Boeing's stock has slowed due to a greater Q1 loss and $1.5 billion 777x charges; the Dreamliner plan has been submitted to the FAA

Boeing's stock has slowed due to a greater Q1 loss and $1.5 billion 777x charges; the Dreamliner pla ...

Updated at 7:49 am EST

Boeing () suffered another larger-than-expected first quarter loss on Wednesday, owing in part to $1.5 billion in 'abnormal cost' charges linked to its 777x twin-engine jet.

The aircraftmaker said it submitted a certification plan to the Federal Aviation Administration of the United States that it would resume 787 Dreamliner deliveries later this year, albeit in an attempt to eliminate the surprisingly large first quarter loss.

Boeing said its core loss for the three months ending in March was adjusted at $2.75 per share, down from a $1.53 per share loss over the same period last year, but is far outside the Street consensus forecast of a 25 cents per share loss.

Group earnings, according to Boeing, fell 8% from last year to $14 billion, a tally that also missed analysts' estimates of a $16.02 billion tally. Free cash flow was estimated at 3.6 billion for the quarter, but the group reiterated its promise to increase the figure in 2023.

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"While the first quarter of 2022 brought fresh challenges to our world, industry, and business, I am proud of our team, as well as the steady progress we're making towards our key commitments," said CEO Dave Calhoun. "We increased 737 MAX production and deliveries and made significant progress on the 787 by submitting our certification plan to the FAA."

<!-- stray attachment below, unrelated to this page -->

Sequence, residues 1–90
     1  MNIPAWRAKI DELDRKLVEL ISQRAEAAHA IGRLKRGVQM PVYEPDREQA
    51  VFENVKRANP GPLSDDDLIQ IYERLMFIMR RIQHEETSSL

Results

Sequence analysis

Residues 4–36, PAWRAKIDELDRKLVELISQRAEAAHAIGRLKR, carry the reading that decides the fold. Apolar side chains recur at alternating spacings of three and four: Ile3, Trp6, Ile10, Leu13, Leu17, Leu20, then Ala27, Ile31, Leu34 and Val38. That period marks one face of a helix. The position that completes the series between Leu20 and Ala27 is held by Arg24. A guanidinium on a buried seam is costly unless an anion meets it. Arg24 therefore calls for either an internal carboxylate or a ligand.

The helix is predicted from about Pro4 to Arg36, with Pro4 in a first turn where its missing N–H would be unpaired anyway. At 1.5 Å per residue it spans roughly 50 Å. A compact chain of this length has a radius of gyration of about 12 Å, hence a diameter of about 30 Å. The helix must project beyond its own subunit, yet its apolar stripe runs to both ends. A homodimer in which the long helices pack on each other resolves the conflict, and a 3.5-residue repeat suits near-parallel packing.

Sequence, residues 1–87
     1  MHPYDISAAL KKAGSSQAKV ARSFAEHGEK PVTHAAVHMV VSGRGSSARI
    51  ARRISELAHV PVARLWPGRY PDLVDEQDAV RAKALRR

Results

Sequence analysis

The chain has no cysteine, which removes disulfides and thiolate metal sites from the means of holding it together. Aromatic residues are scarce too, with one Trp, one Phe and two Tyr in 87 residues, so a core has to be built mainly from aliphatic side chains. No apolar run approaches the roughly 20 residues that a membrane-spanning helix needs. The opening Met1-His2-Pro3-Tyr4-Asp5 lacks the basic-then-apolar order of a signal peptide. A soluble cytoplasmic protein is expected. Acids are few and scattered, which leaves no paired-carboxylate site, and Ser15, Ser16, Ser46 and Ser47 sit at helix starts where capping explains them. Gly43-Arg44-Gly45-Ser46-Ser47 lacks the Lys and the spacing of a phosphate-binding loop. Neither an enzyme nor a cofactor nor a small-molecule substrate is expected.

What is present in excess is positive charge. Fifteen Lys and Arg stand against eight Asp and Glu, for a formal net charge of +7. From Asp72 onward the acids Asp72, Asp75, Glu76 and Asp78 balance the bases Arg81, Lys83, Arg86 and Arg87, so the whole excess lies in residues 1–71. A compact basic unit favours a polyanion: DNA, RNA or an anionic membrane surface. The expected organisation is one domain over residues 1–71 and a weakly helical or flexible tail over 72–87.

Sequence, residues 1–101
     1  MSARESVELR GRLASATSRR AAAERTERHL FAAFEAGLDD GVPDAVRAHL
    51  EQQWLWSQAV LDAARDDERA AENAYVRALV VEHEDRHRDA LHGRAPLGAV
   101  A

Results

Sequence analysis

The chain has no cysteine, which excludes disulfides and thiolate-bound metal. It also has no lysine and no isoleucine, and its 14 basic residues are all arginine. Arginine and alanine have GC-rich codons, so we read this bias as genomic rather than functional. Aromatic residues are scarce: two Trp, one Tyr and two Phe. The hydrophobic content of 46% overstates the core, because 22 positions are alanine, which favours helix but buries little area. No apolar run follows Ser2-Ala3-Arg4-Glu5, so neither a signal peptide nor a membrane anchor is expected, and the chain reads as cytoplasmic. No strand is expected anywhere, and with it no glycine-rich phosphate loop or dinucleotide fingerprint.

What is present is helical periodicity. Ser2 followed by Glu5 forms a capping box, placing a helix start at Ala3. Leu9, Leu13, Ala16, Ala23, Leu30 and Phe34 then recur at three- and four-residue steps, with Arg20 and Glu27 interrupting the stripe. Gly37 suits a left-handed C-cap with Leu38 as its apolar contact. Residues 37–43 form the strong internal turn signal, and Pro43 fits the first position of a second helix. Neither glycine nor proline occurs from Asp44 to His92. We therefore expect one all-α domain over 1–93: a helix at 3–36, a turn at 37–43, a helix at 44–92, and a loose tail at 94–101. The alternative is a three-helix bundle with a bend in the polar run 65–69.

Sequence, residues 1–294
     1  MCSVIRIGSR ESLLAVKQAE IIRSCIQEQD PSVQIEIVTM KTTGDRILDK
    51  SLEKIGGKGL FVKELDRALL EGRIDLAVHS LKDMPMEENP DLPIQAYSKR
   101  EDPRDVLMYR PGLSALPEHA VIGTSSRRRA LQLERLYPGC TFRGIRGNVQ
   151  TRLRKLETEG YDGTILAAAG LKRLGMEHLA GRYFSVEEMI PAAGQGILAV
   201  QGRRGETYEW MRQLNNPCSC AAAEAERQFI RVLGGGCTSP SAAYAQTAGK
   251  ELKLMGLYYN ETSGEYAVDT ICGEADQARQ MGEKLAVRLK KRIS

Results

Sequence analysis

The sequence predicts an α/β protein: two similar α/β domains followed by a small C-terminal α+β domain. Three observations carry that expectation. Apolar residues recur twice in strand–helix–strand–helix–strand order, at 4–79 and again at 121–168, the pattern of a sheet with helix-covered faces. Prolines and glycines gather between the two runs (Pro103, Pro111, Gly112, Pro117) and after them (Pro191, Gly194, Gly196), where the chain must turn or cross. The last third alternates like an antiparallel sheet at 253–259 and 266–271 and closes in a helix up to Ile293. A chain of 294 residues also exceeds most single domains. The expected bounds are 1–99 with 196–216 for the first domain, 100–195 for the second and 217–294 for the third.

"Despite the pressures on our defense and commercial development programs, we remain on track to generate positive cash flow for 2022, and we're focused on our performance as we develop certification requirements and mature several key programs to production," he said. "We're taking the proper measures to maintain stability throughout our operations, deliver on our commitments to customers, and position Boeing for a long-term future."

After the earnings release, Boeing's stock was significantly down in pre-market trading, indicating a $162.00 opening bell price.

Just days after the planemaker grounded eight of the huge jets, which were manufactured in South Carolina, after discovering flaws that raised questions about their structural integrity and the possibility of potential in-flight failures.

According to Boeing, the production of the 737 MAX, the company's workhorse jet, which was recently approved for return to service following fatal collisions in 2018 and 2018, should reach 31 aircraft per month this year.

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